Seven Top Leaders on Making Tough Calls and Serving for the Greater Good

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On December 5, at historic Ford’s Theatre in Washington, D.C., a diverse group of seven leaders notable in their respective fields, including New Jersey Governor Chris Christie, New York Times columnist Nicholas Kristof and Nobel Prize-winning scientist Ahmed Zewail, took to the stage to discuss their views of the qualities that make a leader. All seven received the 2011 Top American Leaders Award from the Center for Public Leadership at Harvard’s Kennedy School of Government and Washington Post Live, honoring those who motivate people to “work collaboratively to accomplish great things.”

“It’s important to signify to others what is exemplary about people who make a difference in our lives,” said Michael Useem, a Wharton management professor and director of the Wharton Center for Leadership and Change Management, who served on the award’s selection committee. “Identifying why a leader deserves this distinction is a way to send a message to all of us to think about our own development and what to value when it comes to leadership.” Useem noted that the award’s selection criteria reflect academic research on leadership qualities that emphasize strategic thinking and mission-setting, looking beyond one’s self interest and inspiring others to act.

The seven Top American Leaders imparted their wisdom about leadership, including some very personal observations on how they came by the passion that inspires their work and on what irks them most about public life. Common in all their views is that leadership is about serving more than one’s self. Insights from the winners follow:

Governor Chris Christie gained attention in American politics for succeeding where politicians in Washington have failed. Working with a Democratic state legislature, the Republican governor has reduced his state’s budget deficits since taking office in 2009. The national fiscal crisis is “a failure of leadership by everyone,” he said. Of President Obama, Christie noted, “I don’t think he has much idea how to use executive power. You’ve got to be there. He’s completely absent from the debt and deficit conversation.”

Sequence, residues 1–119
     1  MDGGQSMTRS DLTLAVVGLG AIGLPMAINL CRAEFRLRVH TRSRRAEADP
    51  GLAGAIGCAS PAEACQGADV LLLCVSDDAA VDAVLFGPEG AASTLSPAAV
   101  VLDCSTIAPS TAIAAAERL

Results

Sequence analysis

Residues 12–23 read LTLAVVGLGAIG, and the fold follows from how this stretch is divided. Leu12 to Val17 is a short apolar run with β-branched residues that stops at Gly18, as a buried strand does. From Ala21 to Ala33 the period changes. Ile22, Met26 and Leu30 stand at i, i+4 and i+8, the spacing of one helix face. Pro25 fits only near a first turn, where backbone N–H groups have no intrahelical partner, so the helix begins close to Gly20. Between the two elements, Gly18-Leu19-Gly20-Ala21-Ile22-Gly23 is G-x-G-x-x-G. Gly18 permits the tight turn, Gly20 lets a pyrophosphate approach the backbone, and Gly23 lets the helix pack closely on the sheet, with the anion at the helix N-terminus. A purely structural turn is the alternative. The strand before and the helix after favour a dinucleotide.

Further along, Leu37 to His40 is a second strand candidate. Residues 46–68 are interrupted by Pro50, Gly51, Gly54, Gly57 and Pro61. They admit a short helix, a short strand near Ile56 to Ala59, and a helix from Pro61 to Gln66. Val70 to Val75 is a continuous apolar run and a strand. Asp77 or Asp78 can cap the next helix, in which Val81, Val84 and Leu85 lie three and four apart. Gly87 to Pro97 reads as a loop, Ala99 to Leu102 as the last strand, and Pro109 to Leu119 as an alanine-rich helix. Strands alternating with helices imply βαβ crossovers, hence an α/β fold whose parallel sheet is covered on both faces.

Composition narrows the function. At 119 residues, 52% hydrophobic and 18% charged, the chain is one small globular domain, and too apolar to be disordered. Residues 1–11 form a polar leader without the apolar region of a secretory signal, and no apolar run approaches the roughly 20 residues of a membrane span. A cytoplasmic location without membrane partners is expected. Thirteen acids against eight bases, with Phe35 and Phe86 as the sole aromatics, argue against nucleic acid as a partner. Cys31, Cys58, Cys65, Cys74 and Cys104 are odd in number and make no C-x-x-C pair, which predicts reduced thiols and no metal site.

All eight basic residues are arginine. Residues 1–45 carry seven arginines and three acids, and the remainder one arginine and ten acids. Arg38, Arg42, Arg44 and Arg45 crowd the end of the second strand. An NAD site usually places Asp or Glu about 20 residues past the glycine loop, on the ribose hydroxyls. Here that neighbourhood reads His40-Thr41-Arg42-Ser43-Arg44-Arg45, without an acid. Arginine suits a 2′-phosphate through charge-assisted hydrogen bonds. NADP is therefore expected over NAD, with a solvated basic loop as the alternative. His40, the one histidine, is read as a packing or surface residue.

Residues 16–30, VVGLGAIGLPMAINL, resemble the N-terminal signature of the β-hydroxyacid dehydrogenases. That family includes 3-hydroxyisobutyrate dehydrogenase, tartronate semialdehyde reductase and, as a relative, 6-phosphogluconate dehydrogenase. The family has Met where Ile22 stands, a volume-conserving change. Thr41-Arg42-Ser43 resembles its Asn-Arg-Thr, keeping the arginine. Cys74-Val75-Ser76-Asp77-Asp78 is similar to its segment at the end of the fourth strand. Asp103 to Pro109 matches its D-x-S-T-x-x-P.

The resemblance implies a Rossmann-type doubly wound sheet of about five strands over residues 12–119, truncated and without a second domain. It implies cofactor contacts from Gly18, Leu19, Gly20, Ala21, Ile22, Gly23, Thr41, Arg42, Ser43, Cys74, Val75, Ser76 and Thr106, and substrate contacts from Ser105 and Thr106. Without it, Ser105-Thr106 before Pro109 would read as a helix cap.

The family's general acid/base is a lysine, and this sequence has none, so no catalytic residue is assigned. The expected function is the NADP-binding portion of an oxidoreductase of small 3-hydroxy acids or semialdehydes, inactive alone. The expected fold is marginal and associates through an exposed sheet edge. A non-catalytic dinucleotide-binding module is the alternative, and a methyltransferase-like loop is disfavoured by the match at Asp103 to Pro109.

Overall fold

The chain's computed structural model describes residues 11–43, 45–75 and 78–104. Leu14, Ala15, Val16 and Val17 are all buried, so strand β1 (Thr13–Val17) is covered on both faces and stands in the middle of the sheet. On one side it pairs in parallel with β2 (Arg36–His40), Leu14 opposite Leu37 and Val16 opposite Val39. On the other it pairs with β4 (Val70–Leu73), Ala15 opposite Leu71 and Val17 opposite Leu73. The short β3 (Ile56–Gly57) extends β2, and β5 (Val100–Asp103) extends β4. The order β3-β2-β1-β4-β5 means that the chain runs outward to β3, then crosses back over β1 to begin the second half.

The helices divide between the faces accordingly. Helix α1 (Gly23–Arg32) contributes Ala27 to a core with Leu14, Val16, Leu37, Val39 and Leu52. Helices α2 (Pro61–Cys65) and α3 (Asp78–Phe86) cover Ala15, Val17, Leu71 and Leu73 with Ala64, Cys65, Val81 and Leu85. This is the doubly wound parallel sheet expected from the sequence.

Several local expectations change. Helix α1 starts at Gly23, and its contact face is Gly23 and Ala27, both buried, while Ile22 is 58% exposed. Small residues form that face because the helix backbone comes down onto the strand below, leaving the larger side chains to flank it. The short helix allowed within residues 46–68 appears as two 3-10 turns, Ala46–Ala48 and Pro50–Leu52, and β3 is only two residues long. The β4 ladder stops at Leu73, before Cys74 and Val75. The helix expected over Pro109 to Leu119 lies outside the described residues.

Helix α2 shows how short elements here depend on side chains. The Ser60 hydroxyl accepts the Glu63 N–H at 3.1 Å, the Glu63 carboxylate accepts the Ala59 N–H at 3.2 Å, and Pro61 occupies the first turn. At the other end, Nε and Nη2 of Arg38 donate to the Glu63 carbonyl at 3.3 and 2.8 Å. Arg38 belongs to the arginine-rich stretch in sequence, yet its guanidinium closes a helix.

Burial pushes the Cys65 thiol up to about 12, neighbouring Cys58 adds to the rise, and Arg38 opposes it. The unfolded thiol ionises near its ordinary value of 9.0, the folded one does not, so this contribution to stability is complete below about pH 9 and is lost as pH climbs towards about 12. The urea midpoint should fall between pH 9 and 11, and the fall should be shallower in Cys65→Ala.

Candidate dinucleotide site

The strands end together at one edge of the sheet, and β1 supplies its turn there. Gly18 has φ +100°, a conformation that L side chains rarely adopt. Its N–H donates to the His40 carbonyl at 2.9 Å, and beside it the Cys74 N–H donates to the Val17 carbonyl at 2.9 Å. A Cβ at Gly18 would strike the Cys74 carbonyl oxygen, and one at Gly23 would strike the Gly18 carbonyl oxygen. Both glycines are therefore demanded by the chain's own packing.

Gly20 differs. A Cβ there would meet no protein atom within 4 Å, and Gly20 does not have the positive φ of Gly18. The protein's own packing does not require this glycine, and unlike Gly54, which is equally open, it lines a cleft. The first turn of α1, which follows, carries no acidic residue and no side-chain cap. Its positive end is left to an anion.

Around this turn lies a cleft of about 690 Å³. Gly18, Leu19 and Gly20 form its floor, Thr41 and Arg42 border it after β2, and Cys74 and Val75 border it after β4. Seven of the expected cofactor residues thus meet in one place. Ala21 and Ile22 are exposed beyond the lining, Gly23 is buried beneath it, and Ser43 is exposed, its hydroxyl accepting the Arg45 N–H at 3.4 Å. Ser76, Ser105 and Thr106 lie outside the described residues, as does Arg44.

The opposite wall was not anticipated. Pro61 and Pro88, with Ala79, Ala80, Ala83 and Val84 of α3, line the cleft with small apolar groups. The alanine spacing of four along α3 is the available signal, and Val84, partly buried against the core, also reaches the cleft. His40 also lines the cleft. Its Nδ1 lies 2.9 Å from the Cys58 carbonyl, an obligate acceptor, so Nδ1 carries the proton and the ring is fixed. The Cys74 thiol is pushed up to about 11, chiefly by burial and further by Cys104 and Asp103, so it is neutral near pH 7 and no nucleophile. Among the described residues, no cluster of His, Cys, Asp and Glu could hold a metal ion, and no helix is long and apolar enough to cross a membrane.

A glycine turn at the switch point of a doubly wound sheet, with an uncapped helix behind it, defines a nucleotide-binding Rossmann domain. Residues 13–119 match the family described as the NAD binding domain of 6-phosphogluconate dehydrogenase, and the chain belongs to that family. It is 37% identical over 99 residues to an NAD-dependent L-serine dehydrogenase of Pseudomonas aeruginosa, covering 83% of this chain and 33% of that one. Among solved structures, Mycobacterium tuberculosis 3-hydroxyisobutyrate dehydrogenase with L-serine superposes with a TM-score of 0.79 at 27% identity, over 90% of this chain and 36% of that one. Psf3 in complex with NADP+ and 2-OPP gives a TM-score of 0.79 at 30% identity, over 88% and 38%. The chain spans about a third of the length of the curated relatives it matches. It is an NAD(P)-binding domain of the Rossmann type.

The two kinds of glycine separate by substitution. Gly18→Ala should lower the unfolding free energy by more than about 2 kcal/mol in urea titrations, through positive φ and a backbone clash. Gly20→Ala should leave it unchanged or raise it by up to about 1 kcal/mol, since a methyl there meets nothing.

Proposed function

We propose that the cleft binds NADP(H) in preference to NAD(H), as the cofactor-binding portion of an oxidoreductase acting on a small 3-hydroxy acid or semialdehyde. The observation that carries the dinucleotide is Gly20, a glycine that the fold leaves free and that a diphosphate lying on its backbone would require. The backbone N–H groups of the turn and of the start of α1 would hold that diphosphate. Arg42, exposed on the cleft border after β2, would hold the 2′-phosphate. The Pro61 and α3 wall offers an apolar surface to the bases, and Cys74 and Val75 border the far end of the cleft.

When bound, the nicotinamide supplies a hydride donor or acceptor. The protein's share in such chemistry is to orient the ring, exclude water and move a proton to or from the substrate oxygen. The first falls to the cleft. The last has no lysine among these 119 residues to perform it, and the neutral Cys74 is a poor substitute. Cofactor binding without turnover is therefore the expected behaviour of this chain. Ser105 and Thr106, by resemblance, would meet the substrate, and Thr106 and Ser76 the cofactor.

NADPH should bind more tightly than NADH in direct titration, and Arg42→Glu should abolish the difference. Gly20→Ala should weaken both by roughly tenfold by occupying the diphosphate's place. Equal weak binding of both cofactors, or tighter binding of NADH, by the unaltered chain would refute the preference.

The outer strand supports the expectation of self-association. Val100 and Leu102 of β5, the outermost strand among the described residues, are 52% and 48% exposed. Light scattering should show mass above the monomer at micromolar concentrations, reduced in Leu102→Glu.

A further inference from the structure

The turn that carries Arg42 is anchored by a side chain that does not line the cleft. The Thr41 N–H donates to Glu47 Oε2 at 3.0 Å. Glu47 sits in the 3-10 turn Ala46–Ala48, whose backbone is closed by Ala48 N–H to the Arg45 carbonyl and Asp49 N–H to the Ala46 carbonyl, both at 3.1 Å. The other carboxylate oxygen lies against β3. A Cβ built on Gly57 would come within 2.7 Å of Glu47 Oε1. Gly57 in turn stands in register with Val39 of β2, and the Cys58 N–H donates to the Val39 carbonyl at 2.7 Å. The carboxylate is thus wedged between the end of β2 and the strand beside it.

The most important aspect of winning the confidence of the public is “telling the truth,” Christie said. “Style is part of it, too. It doesn’t hurt to be entertaining once in a while.” When asked which politicians are not telling the truth, Christie quipped, “We only have 20 minutes.”

Speculation had run rampant that Christie would run for president in 2012, although he has repeatedly said he has no intention of doing so. “Running for president, at core, is a personal decision,” he noted. “You must feel absolutely ready, [feel that] this is something you must do. If I don’t feel it here, I have no business doing it just because I see a political opportunity.” When asked if he might feel it later, he added: “I might have indigestion later. I don’t know what I’ll feel later.”

Sheila Bair, who served as chairperson of the Federal Deposit Insurance Corporation (FDIC) from 2006 to July 2011, took steps unpopular with Wall Street to protect U.S. depositors and the financial system during the financial crisis. But the Kansas native and one-time staffer to former Senate Republican Robert Dole, was popular with her own employees. The FDIC ranks as the happiest workplace in the U.S. government. Bair said one of the most important parts of leadership is to “define mission and provide clarity of purpose,” which at the FDIC is the protection of U.S. depositors. The most important financial reform needed today is “banks need to be able to fail,” she stated. “The market needs to understand that. Big is not bad in and of itself, but it should be the result of market forces,” not a regulatory safety net.

Both Bair and Christie bristled at the role that physical looks play in public life. Bair recounts undergoing a two-hour photo shoot for Vogue while she was at the FDIC, only to be told later that the feature would run online only and not in the print edition. Later, bloggers sneered that she was not attractive enough to get into the glossy fashion magazine. Christie chimed in to deride those who say he is too fat to run for president. “It’s idiotic,” he said. “It is one of those last remaining vestiges of prejudice and stupidity.”  

Jared Cohen, director of Google Ideas, the search engine company’s think/do tank, made his mark as the youngest-ever member of the U.S. State Department’s policy planning staff. Cohen understood the power of social media in spurring the 2009 Iranian uprising after the reelection of President Mahmoud Ahmadinejad and then the Arab Spring that followed. Recalling his epiphany about technology and freedom, Cohen recounted a trip to Iran while he was in graduate school. He noticed young Iranians texting each other through Bluetooth, normally used in the U.S. for hands-free calling while driving. In 2009, the government had shut down the Internet and SMS, and the only technology that worked was Bluetooth, a peer-to-peer standard that does not travel through a telecommunications provider. When Cohen asked the Iranians whether they feared discovery, they said, “Don’t worry, nobody over 30 in this country knows what Bluetooth is,” Cohen recalled. The experience inspired him “to see leadership in a new way.”